An outdoor classroom is a great space for allowing kids to exert some of their restless energy, but you may want to set some boundaries on that energy — literally. Erecting a wall or a fence around the classroom is an easy way of ensuring that students stay within the designated area and for their safety. This is easier if the school building already borders the classroom on one or more sides.
Incorporating a barrier wall as a safety element and an additional source of learning (like a whiteboard mounted on a barrier wall) is something to consider for an outdoor classroom. The wall can hold other items for educational opportunities like birdboxes, planters, and more.
There are many advantages of outdoor learning and so many opportunities to rethink outdoor space. One main difference in the indoor vs. outdoor classroom environment is the safety and protection from excessive UV exposure. Shade structures for outdoor spaces are a great design element that keeps students and teachers cool and protected.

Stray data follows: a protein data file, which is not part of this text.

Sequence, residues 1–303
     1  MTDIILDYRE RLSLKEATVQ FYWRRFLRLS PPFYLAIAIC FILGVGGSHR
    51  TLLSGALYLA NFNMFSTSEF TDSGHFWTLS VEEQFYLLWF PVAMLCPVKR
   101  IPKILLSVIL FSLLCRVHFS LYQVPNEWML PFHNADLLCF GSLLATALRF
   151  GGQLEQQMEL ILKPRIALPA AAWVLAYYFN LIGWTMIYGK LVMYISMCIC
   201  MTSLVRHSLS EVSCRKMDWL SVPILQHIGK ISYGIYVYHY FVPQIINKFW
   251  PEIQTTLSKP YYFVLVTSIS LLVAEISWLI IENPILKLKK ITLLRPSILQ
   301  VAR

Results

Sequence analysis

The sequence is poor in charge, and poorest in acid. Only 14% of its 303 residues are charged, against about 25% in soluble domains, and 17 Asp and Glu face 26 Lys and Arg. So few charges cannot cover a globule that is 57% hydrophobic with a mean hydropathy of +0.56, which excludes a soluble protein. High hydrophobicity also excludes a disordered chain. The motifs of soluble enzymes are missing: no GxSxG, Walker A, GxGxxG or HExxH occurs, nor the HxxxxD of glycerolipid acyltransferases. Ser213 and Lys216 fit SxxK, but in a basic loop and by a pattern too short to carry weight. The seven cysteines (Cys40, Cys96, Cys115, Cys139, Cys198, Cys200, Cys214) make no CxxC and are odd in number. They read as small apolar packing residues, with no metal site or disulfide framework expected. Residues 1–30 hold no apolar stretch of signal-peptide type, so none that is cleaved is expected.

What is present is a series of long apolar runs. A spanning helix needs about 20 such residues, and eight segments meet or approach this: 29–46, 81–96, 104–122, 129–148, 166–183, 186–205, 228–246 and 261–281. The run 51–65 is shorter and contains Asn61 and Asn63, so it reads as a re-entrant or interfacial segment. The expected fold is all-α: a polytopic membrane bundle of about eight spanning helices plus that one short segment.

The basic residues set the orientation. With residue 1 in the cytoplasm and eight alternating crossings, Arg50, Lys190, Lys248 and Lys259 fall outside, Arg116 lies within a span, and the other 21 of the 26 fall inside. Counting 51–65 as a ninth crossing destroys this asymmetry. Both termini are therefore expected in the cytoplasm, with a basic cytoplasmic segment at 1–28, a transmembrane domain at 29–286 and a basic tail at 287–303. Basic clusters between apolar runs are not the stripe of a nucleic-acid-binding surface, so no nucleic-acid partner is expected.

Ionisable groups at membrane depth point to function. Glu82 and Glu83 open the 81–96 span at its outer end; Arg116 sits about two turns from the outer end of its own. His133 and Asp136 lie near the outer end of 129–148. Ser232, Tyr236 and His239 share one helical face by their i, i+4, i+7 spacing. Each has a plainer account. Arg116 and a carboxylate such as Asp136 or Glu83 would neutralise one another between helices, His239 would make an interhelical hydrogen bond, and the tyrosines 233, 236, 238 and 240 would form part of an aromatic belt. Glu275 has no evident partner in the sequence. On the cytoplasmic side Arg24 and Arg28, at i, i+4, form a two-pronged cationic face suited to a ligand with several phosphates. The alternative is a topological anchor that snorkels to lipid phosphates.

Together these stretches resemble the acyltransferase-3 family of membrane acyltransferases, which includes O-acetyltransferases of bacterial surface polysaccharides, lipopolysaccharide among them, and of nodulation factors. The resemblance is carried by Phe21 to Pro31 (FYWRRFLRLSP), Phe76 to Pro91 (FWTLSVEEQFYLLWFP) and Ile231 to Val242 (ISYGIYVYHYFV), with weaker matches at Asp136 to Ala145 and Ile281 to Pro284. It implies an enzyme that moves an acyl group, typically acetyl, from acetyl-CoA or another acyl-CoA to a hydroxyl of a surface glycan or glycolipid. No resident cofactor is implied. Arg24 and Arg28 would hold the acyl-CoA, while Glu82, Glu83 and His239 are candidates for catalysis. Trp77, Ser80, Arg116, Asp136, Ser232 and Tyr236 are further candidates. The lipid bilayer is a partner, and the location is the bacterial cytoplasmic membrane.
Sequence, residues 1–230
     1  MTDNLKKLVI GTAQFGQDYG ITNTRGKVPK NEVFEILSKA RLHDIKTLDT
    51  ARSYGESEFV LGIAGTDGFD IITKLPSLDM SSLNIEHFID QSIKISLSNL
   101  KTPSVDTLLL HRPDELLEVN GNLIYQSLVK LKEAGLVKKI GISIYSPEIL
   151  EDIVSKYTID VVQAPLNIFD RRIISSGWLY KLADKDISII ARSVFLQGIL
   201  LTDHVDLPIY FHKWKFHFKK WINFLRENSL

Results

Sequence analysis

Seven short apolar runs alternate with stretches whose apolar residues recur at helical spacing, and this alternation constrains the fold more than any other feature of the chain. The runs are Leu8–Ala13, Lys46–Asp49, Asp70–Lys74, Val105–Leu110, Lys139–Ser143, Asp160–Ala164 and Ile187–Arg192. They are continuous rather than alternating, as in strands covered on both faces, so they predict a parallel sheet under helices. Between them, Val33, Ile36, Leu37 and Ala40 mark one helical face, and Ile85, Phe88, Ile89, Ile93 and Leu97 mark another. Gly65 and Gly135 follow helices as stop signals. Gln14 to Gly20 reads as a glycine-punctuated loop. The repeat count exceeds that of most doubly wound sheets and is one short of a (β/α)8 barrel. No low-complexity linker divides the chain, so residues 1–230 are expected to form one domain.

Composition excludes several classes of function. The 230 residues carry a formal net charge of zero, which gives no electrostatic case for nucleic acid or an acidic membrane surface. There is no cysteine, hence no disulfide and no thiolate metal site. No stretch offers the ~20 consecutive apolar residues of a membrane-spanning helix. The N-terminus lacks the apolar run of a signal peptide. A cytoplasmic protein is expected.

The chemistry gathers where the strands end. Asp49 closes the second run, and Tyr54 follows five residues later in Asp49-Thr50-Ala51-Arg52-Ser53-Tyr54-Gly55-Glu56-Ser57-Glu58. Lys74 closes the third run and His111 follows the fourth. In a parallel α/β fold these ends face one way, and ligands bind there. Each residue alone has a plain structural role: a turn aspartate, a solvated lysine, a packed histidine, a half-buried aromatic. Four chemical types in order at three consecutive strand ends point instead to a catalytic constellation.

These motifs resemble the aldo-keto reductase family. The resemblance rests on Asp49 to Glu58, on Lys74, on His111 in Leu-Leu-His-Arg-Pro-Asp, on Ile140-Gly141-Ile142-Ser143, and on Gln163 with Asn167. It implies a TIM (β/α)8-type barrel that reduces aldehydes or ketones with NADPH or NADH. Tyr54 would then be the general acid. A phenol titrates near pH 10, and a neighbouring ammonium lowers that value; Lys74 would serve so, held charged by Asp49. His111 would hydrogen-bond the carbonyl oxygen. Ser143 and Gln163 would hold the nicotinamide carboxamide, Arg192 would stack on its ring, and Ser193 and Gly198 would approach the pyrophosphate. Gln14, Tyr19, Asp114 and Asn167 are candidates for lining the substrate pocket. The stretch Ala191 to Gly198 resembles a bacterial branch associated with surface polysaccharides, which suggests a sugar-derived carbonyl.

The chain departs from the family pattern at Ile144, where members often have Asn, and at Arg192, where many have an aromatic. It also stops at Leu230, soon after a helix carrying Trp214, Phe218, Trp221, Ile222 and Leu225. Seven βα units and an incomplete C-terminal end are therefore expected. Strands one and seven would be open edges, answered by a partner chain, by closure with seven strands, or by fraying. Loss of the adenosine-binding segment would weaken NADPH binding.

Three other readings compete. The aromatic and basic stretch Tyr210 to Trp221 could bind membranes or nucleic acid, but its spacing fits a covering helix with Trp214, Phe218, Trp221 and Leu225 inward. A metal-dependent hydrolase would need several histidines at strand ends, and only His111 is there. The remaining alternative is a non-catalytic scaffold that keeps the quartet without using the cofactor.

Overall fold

Shade structures take many forms and are customizable for schools looking to add a unique architectural element to their campuses. Shade structures that use high-density polyethylene (HDPE) fabric block up to 97% UV rays and allow for airflow that can reduce temperatures up to 25 degrees Fahrenheit.
Get Your Outdoor Classroom Shade Today
If you're seeking a shade solution for your outdoor classroom, look no further. USA SHADE offers a variety of shade structure options for your outdoor classroom project, designed to keep students and educators safe from the heat and make your outdoor space functional and aesthetically pleasing.
To see how we've already helped many different schools find the best shade solutions for their needs, take a look at our featured projects. Then get in touch with us to start toward developing your own outdoor classroom area today.